In yet another blow for the environment, sand mining is to continue until 2035. The Newman Government’s legislation that winds back
the hard fought for environmental gains under the previous Government will not only impact the environment and its wildlife but undoubtedly will further suppress the Quandamooka people’s native title rights and interests. Under previous legislation mining for all practical purposes would cease in 2019.
The North Stradbroke Island Protection and Sustainability and Another Act Amendment Bill 2013 was introduced to the Parliament on 17 October 2013 and referred to the Agriculture, Resources and Environment Committee (AREC). The AREC reported back on 14 November 2013. The Bill was listed for the second reading on 20 November 2013.
The report from the AREC contained two recommendations and a point of clarification. AREC recommended that cooperation and proper planning occur across all levels of government as well as consultation with Traditional Owners, residents and other businesses to assist in the transition from mining to other incomes. There is a suggestion for the Minister to inform the House how the offset policy will operate and the arrangements that will be put in place for its operation between the relevant departments. While the Committee recommended the Bill be passed dissenting reports were tabled by two members, Ms Jackie Trad MP and Mr Shane Knuth MP. Both dissenting reports referred to lack of consultation and scrutiny. It was suggested that this current legislation had the potential to compromise public perception of the integrity of the government and by association the Parliament. It is a well reported fact that Silbelco, the Belgium owned company undertaking the sand mining on Stradbroke Island, spent significant funds on PR during the last election. Ms Jackie Trad MP stated in her dissenting report “this bill has all the hallmarks of a morally corrupt ‘cash for legislation’ deal.’’
Wildlife Queensland made a submission to the AREC opposing the Bill. Major concerns included but were not restricted to the ongoing threat to biodiversity, potential harm of areas of high environmental significance, potential loss to future national parks, the removal of certain environmental safeguards, further fragmentation of vegetation, questionably capacity to re-establish ecosystems not simply revegetate areas, disturbance of hydrological systems and processes and threats to international wetlands that are designated a RAMSAR site. While Wildlife Queensland has no rights to speak on behalf of the Quandamooka people, we strongly support their rights. Their aspirations and goals should not only be listened to but acted upon. Wildlife Queensland’s submission was only one of 122 publicly available submissions of which 75% opposed the legislation.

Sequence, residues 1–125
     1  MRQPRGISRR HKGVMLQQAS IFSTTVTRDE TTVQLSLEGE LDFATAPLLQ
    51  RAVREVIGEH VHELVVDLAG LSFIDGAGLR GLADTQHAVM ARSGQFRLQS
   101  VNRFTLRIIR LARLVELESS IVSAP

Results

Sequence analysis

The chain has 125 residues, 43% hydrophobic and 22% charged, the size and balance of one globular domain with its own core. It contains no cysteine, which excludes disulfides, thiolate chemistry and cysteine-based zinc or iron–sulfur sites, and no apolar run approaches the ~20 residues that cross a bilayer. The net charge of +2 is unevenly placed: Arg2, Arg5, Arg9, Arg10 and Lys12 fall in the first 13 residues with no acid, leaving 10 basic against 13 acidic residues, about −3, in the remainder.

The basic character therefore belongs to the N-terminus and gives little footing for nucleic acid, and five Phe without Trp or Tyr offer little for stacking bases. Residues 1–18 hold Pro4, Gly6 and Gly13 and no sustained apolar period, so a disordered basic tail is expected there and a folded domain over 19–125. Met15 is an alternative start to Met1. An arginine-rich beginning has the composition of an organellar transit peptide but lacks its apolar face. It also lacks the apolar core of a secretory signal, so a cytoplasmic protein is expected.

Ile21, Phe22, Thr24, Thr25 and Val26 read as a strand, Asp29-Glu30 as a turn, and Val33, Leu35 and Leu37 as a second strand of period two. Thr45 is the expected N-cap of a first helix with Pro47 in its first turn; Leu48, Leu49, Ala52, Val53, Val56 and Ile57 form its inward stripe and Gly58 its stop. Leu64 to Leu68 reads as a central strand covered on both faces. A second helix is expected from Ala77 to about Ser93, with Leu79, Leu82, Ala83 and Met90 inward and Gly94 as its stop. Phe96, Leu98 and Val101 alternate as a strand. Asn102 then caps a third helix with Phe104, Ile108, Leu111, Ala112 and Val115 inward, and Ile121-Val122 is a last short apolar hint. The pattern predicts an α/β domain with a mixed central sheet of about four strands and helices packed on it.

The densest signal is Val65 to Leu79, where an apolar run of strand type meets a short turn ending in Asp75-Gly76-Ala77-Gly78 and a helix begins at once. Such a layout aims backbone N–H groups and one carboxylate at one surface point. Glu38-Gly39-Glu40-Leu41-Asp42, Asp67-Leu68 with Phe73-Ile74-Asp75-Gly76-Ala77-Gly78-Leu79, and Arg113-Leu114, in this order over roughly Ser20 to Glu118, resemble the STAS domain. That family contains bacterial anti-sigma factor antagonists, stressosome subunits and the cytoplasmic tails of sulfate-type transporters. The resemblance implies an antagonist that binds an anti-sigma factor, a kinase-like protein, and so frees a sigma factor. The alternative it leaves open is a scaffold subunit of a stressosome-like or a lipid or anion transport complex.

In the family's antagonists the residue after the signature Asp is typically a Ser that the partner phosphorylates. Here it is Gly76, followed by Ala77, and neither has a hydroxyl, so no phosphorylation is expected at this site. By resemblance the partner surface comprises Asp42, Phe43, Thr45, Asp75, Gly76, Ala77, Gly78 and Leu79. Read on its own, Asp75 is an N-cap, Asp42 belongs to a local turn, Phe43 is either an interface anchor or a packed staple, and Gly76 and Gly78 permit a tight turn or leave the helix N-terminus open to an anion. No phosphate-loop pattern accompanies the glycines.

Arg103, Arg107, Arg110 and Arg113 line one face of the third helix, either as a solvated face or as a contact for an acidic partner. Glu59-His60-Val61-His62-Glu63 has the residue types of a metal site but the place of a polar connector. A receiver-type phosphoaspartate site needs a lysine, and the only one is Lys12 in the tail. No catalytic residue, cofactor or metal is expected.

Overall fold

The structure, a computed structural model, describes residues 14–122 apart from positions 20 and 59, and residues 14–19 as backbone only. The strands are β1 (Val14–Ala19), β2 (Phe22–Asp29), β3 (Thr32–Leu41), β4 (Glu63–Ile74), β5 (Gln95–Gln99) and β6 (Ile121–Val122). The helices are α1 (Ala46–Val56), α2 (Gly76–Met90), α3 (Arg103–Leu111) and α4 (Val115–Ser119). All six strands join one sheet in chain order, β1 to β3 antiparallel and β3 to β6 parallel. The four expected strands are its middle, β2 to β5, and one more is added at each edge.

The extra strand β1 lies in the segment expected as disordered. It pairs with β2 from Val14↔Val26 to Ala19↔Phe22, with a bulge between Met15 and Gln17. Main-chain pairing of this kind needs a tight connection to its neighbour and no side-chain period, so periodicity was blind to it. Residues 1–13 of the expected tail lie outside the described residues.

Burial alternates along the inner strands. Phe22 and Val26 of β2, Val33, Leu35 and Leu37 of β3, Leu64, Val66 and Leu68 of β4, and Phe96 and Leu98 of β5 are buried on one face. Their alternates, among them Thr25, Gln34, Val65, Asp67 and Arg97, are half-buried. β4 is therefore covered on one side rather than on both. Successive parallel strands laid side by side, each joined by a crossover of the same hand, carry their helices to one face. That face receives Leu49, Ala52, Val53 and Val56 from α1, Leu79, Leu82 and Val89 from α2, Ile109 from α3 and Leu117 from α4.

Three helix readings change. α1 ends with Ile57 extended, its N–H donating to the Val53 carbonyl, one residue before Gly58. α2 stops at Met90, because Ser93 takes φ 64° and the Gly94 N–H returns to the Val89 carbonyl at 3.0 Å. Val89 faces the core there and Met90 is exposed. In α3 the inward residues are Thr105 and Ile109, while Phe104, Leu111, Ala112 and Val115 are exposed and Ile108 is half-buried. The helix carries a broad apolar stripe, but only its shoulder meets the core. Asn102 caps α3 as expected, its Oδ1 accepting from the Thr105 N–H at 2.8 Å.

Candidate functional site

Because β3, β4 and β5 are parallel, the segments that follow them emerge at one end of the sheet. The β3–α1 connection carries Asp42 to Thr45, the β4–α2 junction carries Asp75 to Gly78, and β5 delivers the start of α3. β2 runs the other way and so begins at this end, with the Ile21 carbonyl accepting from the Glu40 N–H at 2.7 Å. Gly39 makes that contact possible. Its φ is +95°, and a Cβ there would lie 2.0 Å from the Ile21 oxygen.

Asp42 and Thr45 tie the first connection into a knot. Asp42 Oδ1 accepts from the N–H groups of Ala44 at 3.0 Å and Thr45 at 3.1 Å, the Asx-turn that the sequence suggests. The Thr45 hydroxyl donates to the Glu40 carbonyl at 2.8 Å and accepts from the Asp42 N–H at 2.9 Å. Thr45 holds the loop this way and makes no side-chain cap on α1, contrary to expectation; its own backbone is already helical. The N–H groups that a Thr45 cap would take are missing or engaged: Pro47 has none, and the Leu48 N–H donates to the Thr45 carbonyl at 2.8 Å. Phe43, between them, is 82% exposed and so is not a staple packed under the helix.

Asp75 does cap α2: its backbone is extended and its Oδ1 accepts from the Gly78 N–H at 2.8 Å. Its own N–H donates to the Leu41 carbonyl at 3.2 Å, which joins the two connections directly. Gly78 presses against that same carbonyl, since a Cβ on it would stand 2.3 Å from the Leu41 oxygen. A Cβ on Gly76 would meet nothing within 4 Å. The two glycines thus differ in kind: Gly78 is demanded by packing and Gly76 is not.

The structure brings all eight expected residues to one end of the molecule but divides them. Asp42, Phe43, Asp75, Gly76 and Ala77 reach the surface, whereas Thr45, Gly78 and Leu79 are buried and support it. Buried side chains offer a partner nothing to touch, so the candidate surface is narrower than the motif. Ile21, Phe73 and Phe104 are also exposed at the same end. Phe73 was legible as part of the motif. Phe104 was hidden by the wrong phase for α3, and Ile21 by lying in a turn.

It appears the almighty dollar is king yet again. There is no clear business case that the people of Queensland will in fact be the benefactor of this legislation. It is certain that Sibelco, a company still involved in court action, will benefit economically. An argument for the extension of the mining lease until 2035 is that this time period is required to transition the economy from mining to other sectors. Unfortunately there does not appear there is any independent study to support such claims currently available.
In recent correspondence the Premier, Campbell Newman, stated ‘The Government appreciates the importance of the environment to all Queenslanders and is committed to finding the right balance between the environment, population growth and economic development.’ Wildlife Queensland appreciates that actions speak louder than words. Apart from the decision to save Swan Lake from being turned into a car park by the Port of Brisbane Authority and the recent protection afforded to the Steve Irwin Wildlife Reserve and the Wenlock River in Cape York, the great majority of decisions by the Newman Government certainly do not support the Premier’s words and his Government’s care for the environment.
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